The benefits of a Mediterranean-style diet are the result of regularly consuming a combination of ingredients. The greater the number of these ingredients in your meals, the better off you’ll be.

Vegetables. All vegetables are rich in antioxidants, vitamins, fiber and minerals—and promote a healthful pH balance. Rule number one of healthful diets is that half of every meal should consist of veggies. One particular leaf vegetable stands out in traditional Greek Mediterranean diets. Wild purslane, which tastes a little like spinach or watercress, commonly was added to salads. Purslane is rich in healthful omega-3 fatty acids, vitamins, the antioxidant glutathione, minerals and pectin, a type of soluble fiber. Purslane is not available in the vast majority of US food markets, but you might find it in a local health-food or ethnic market. Better yet, it is easy to grow in a large pot and thrives in both moist and arid conditions. Pinch off a few leaves (which look a little like those of a jade plant), and use them in salads or sandwiches instead of lettuce. Cooking makes purslane mushy, so it is best used raw. Seeds for planting are available from Territorial Seed Company (800-626-0866, www.TerritorialSeed.com).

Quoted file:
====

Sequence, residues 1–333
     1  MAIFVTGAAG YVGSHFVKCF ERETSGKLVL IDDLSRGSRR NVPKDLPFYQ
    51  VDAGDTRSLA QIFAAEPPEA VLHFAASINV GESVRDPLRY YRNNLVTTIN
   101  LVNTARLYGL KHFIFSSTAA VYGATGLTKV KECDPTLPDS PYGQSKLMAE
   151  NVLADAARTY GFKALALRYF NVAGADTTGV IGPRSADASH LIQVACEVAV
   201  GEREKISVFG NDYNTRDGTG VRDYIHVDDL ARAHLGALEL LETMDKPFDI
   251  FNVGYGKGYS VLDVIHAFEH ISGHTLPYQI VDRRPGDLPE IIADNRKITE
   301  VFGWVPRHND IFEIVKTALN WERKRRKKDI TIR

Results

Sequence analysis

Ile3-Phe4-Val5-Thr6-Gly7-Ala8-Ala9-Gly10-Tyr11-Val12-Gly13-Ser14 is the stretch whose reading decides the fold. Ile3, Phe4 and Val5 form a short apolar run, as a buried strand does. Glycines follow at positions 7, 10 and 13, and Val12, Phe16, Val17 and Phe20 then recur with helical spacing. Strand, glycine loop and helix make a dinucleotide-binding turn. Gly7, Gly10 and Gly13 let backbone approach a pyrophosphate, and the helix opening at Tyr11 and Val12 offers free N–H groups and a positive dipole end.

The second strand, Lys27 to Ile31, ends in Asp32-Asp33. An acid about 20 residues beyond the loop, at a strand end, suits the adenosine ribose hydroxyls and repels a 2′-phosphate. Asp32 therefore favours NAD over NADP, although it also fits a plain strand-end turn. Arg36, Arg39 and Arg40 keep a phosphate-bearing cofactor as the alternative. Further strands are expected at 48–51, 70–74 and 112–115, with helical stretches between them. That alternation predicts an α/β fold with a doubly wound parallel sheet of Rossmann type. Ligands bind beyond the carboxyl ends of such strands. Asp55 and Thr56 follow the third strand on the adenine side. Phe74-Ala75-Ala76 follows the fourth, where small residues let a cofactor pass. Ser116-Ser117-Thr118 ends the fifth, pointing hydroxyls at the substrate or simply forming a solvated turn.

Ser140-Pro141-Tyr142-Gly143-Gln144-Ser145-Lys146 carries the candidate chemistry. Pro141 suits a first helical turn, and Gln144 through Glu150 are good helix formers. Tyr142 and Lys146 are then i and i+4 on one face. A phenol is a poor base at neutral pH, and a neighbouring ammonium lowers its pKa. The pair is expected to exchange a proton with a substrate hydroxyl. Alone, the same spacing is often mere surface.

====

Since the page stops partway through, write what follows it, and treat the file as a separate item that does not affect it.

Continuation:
Fruit. This great source of vitamin C and other antioxidants can help prevent cell damage.
Recommendation: Eat two to three servings of fruit daily, such as raspberries, blueberries or kiwifruit. Unprocessed fresh fruit, grown locally, has more nutrients than fruit that has been shipped in from other locations. When fresh fruit is not available, choose frozen or dried berries with no added sugar.